The government finally emerged out of the smoke and took action which led to the final demise of all but the stubbornest 12 head shops without any further burnings. Most head shop products became illegal in Ireland on August 23rd 2010 when the new ‘Criminal Justice (Psychoactive Substances) Act 2010’ became law. This Act empowered the Gardaí to seek court orders to close any head shops suspected of selling drug-like products. That included most of them. The onus was on the head shop owners to prove otherwise. This legislation led to the head shops dramatic and rapid decline from 112 to just 12. In not so ‘high’ minded a manner they fizzled out like damp squibs.
Prior to a Government order taking effect in 2011, head shops could legally sell methylethcathinone a recreational drug. Earlier Government orders pursuant to the Misuse of Drugs Act, had outlawed the head shops possession and selling of ecstasy and magic mushrooms. Stanislav Bederev, who was charged with methylethcathinone possession in 2012, challenged the constitutionality of such Government orders. On March 10th 2015, the Court of Appeal ruled in Bederev’s favour, on the basis that the orders amounted to ‘law-making’, a power reserved for the Oireachtas. This resulted in emergency legislation to reinstate the ban on drugs previously banned by Government orders, which included amphetamine, khat and ketamine, taking effect 12 March 12th 2015.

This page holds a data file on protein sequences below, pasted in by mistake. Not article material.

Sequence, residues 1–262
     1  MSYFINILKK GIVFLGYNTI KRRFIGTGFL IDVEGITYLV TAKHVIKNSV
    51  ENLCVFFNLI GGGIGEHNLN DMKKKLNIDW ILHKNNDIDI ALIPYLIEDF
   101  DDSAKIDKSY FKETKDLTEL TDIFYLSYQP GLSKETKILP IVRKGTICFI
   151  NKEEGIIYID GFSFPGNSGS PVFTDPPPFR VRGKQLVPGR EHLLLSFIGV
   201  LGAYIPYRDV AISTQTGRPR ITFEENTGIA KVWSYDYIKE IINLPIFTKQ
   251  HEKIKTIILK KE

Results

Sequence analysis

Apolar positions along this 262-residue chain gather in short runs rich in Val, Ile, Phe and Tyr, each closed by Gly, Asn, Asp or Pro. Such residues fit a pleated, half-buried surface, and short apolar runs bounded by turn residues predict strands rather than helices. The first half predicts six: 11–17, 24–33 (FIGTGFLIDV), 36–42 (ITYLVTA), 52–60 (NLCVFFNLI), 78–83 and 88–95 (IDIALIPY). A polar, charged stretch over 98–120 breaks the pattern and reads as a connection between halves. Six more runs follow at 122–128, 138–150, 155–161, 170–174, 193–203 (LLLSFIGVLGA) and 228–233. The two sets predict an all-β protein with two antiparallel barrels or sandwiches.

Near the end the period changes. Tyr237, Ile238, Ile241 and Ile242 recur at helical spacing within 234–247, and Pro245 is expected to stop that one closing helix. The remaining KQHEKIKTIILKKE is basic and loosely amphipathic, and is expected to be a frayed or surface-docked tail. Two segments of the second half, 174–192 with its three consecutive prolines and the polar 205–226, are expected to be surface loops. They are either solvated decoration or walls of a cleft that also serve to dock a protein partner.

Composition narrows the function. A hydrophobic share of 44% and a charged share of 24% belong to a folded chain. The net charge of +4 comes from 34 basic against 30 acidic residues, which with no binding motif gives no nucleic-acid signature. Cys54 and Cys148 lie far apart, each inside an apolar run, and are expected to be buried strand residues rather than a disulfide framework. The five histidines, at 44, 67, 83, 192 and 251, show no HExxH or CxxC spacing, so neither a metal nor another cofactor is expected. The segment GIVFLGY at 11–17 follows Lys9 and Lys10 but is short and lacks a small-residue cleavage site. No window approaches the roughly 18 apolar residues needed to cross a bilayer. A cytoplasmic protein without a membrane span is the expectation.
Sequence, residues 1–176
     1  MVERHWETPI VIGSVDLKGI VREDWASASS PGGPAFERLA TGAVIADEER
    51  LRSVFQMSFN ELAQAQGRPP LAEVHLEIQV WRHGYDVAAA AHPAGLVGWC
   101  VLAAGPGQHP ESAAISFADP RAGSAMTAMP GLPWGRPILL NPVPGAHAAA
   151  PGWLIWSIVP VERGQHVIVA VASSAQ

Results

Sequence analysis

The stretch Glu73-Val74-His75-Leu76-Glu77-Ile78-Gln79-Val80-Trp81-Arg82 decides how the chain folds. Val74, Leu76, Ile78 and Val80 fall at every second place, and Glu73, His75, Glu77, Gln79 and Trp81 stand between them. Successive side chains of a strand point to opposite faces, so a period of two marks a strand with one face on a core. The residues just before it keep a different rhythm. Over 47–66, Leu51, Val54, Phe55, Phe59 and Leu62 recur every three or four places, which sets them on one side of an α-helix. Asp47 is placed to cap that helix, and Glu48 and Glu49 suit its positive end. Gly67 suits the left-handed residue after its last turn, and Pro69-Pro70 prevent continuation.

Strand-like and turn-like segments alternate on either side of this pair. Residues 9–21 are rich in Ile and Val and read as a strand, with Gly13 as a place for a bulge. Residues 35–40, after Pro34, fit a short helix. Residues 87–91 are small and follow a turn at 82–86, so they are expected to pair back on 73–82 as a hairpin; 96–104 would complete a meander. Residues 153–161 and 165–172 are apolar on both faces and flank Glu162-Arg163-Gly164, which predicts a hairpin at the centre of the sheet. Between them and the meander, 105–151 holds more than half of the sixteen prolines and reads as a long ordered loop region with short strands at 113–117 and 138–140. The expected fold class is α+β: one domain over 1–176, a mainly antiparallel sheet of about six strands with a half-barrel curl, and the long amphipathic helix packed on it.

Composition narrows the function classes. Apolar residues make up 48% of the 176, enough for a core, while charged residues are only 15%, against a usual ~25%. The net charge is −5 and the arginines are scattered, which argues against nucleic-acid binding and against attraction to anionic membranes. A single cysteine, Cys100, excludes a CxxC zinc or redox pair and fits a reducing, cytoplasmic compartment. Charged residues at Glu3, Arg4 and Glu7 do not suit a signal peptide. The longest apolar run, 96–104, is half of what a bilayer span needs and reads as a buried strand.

The result of the Stanislav Bederev Court of Appeal ruling implicated pending cases involving possession of those drugs as well as potentially leading to appeals of all previously convictions for possession of those drugs. Stan the man had created a dilemma. In June 2016, however the Supreme Court in a tidying up operation overturned the Stanislav Bederev Court of Appeal’s ruling, finding that the original Government orders were constitutional. This was on the basis that the Government was bound to outlaw only drugs of the same nature as those already listed in the Misuse of Drugs Act, and that the Oireachtas was given the right to annul the Government’s orders if the Oireachtas so chose. Whoever said that slamming the door after the horse had bolted was a waste of time? Legally it seems that anything is possible.
Head shops in Ireland as the result of all this are now as rare as hen’s teeth with very few remaining. Their latest and most lucrative lifeline is the sale of vapes and vape equipment as well as medicinal CBD which is perfectly legal. That doesn’t stop one or two of them selling illegal substances under the counter in a game of hide and seek with the Gardaí. They seem to be frequented by known drug users for some unknown reason who seem to be attracted to them like flies to cow dung. They are not arsonists or pyromaniacs. Is it nostalgia or is it something else that attracts them to the few remaining head shops which are definitely an endangered species? Irish head shops are now fading into the realms of legend and the company of fire breathing dragons.